Last week The Baltimore Sun reported that Baltimore City Government computers were infected for a second time in just over a year with a certain type of ransomware, RobbinHood, in which hackers lock up files using encryption so users can’t access them. The bad actors then demand payment to provide the cyber keys to unlock the files, typically in the hard-to-trace digital currency bitcoin.

The mayor’s office explained the extent of the attack on the city’s network explaining that “critical systems, including 911 and 311, were not affected, but the majority of city servers were shut down.”

While the city does not comment on the level or type of security in place at the time of the attack, it is well-documented across the municipal IT industry that, due to the rapidly changing threatscape, protection at the perimeter via only Firewall, Endpoint and a SIEM is no longer sufficient.

Too often, both internal teams and service providers are only looking at the network from a point-in-time and scans perspective, focusing their monitoring on day-to-day known events like phone hacks, for example, where it’s common to monitor uptime, outbound long distance fraud alerts, and making assessments based on days-old log activity.

However, as Dr. Stephenson writes in this SC Magazine article about the future of cyber attacks:

“Virtually all credible predictions have one thing in common: emerging attacks will be intelligent. In simple terms that means that these attacks will have the ability to make decisions and, to some extent, control their own actions without the support of a bot herder or other human control entity. Some analysts believe that, because this new generation of malcode operates at machine speed, it will be virtually impossible for humans to react fast enough to have any impact on the attack.

Next generation tools and technology, specifically ones moving beyond the collection and analysis of logs and into advanced understanding (machine learning and AI) and real-time monitoring of all the data and transactions happening on a network (wire data). These components are necessary for next-generation defense.

Don Norris, a professor emeritus at the University of Maryland, Baltimore County, reinforces this issue in the article saying the city’s repeat victimization underscores how municipal governments struggle to keep computer networks safe:

“You’ve got increasingly sophisticated and very persistent bad guys out there looking for any vulnerability they can find and local governments, including Baltimore, who either don’t have the money or don’t spend it to properly protect their assets,” said Norris, who surveyed local government leaders about computer security in 2016. “I’m not surprised that it happened,” he said, “and I won’t be surprised when it happens again.”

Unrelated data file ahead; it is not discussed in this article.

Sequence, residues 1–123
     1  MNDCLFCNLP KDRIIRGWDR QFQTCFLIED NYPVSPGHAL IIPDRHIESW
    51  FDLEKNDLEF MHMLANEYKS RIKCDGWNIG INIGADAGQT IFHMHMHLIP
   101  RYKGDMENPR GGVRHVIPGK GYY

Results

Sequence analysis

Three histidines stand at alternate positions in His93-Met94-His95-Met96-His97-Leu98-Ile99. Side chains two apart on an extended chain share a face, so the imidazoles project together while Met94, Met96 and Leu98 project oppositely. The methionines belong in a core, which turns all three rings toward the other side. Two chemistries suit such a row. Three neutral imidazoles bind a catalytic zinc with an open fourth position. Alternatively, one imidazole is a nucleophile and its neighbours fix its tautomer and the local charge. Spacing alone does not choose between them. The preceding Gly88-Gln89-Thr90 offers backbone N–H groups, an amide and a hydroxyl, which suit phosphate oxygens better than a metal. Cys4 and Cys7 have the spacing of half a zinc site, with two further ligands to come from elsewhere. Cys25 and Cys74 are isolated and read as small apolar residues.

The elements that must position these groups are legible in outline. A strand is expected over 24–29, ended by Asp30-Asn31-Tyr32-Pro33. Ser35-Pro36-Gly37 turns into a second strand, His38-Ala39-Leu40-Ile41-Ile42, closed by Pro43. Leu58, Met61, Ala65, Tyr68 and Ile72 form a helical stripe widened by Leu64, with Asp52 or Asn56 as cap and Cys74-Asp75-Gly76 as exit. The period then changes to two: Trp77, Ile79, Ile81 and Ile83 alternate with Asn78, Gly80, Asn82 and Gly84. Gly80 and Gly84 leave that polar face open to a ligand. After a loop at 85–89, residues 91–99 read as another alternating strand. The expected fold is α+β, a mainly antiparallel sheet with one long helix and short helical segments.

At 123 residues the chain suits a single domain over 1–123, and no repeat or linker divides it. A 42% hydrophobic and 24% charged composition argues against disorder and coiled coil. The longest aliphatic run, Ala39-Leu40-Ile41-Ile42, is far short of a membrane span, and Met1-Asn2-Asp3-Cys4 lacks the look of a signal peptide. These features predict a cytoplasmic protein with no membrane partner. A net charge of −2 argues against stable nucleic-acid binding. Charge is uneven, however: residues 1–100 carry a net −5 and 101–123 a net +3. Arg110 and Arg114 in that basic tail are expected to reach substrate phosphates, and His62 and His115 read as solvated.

Capture Forensic Evidence

Another telling quote from the mayor’s office in this article — revealing which network monitoring capabilities that municipal governments should consider when modernizing their security program — is communicated by Davis here:

“By the afternoon, city teams had the ransomware quarantined. But the cause and scale of the problem were not clear Tuesday evening and Davis did not know when the affected systems would be back online.”

Improved security posture can only be strengthened and reinforced with a strong in-house incident response capability and forensic record of network traffic. When attacks like this occur, the ability to not only identify the source quickly but also “replay” the traffic to see who else was infected is a must-have feature in a modern security system.

It’s sniper vs. sniper these days. Knowing how your adversary attacked you is just as important as how the attack happened in the first place.

Detect Zero-Day (Unknown) Events

Davis said the new attack in Baltimore was similar to one that affected the city of Greenville, North Carolina, last month. The ransomware variant in that case was identified as RobbinHood, a new form about which little is known.

It’s safe to assume moving forward that the bad guys creating intelligent malware will now code it to “live off the land,” meaning it will learn baseline network information and then, within that context, become an undetectable part of the network, adjusting autonomously, never needing a bot-herder and never needing instructions from a command and control server. (Beefing Up Your Next Generation Security Tool Set).

Simply put, always changing, zero-day events are always evolving, and unique to each environment it attacks. So yes, little will be known about these zero-day events.

However, there are ways to fight fire with fire.

These zero-day, non-fingerprinted events won’t show up on intel feeds, because they have never been seen before. Therefore, next-generation monitoring platforms utilizing context-aware AI to understand and analyze regular traffic patterns can be leveraged to alert teams to anomalies before they even register as security events on a given intel feed.

This post was written and contributed to by two team members:

Michael-Paul Yelland, Principal IoT Researcher & Founder of AMCyber

Russell Gray, Director of Client Success

Learn more about MixMode’s approach to context-aware AI and how it dynamically establishes baselines of your network environment, identifies threats and sends immediate alerts, and helps prevent attacks on critical data systems.